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  1. #1
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    China: cracks in Three Gorges Dam, 300,000 people can wave goodbye to their homes

    By Tim Collard World Last updated: June 7th, 2010
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    The Three Gorges Dam: impressive from a distance

    In China, cracks are appearing – in the neighbourhood of the massive Three Gorges Dam, the country’s great prestige project, and also in the Great Internet Firewall of China, enabling the ominous news to leak out. Three years ago stories were already emerging in the Chinese media about landslides, ecological deterioration and accumulation of algae further down the river. And less and less effort seems to be made to plug the leaks.
    Recent media reports tell of a series of landslips, minor earthquakes and cracks appearing in roads and buildings along the central section of the Yangtse, between the dam and the city of Chongqing. Almost 10,000 “dangerous sites” have been identified, but many of the people living near them cannot be relocated for lack of money. Two years ago thousands of children died in Sichuan Province because their schools were not resistant to the earthquake which hit the area; in the town of Badong near Chongqing children are attending school in buildings which have been recognised as far more vulnerable. What else can they do? The local authorities can’t afford a new one.
    Like many such megaprojects, the Three Gorges was always driven as much by politics as by economics. Its rationale covered irrigation and flood control in the lower Yangtse plain, hydroelectric power generation, which sounds sensible: but objections were bulldozed in the tense political atmosphere of the late 1980s, when the final decisions were made. The dam was the pet project of then prime minister Li Peng, who was involved in the party split which led to the 1989 Tiananmen massacre, in which he was the triumphant prime mover. In this context he was not going to back down on the dam, and the debate was closed down.
    So the construction was forced through without even what passes in China for proper debate. The number of local people who had to be relocated came to 1.4 million – equivalent to the obliteration of Birmingham. Now it looks like another 300,000 will have to be shifted – add Coventry to that. This, in China, means getting a few weeks’ notice to quit and putting up with wherever the authorities see fit to put you. On top of that a large number of historic sites from one of the most ancient cradles of Chinese civilisation had to go. Yes, China has vast numbers of people to feed and cannot afford sentimentality, but perhaps a bit more care might have been taken to ensure that the costs and benefits had been properly calculated.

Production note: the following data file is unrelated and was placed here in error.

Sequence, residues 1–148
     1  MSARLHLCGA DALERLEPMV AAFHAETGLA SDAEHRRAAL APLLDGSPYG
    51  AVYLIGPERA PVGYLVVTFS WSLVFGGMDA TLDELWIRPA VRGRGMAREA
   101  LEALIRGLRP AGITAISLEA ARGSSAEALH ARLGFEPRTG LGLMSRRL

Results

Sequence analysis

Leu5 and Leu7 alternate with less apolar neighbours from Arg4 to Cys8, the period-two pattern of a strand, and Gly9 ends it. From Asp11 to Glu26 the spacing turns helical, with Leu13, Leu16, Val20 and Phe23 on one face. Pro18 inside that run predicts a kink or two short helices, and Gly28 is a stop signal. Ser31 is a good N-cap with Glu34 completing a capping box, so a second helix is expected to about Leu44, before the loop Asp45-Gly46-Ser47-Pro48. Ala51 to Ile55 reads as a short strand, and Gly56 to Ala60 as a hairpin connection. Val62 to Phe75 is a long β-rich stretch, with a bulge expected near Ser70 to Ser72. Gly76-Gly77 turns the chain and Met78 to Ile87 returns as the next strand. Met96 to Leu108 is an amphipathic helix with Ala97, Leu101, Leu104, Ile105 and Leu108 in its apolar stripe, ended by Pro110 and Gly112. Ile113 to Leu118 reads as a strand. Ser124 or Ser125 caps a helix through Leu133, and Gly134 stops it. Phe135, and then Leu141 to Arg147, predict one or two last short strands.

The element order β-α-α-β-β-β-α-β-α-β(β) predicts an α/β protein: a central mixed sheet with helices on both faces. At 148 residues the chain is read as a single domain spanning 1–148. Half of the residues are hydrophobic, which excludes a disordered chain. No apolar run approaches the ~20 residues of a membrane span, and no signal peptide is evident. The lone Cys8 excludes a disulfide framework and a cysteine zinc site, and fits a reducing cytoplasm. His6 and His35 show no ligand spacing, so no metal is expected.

But even three years ago, with Li Peng and his family safely out of the way, official Chinese sources were admitting that things had gone horribly wrong. In the official media references were made to landslides, ecological deterioration and accumulation of algae. The Chinese aren’t unworldly and irresponsible greenies. When they point things like this out it’s because it’s causing real damage. Of course the authorities are careful not to promote mass panic, but so far the incidents are far enough apart to prevent collective protest; local complaints can still be suppressed without too much trouble.
    Meanwhile, at the centre, it would appear that there is no great enthusiasm to see this all hushed up. The current supremo Hu Jintao has always taken care not to associate himself with the project. Hu’s faction of the Communist Party is broadly opposed by the “princelings’ faction” – i.e. the rich-kid offspring of the post-Mao leadership – and appears disinclined to pull Li Peng’s chestnuts out of the fire.

    Tags: china, Three Gorges Dam

    China: cracks in the Three Gorges Dam, so 300,000 people can wave goodbye to their homes – Telegraph Blogs

  2. #2
    I am in Jail
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    well, not unexpected, everything the Chinese do is shit, so why is it even surprising ?

  3. #3
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    Quote Originally Posted by Bangyai
    The number of local people who had to be relocated came to 1.4 million – equivalent to the obliteration of Birmingham.
    Doesn't seem too bad an idea, pretty sure if it was put to the vote it would be a winner.

  4. #4
    Member Mordechai's Avatar
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    Probably just sour grapes mixed in with conspiracy theories in the end, these hippies have been yapping about dams for years. That dam is equivalent to 10 to 20 nuclear power plants, plus it has other benefits.

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    Quote Originally Posted by Mordechai View Post
    Probably just sour grapes mixed in with conspiracy theories in the end, these hippies have been yapping about dams for years. That dam is equivalent to 10 to 20 nuclear power plants, plus it has other benefits.
    Is the number 1 benefit, population control when the dam breaks and the populations downstream are drowned?

  6. #6
    The Pikey Hunter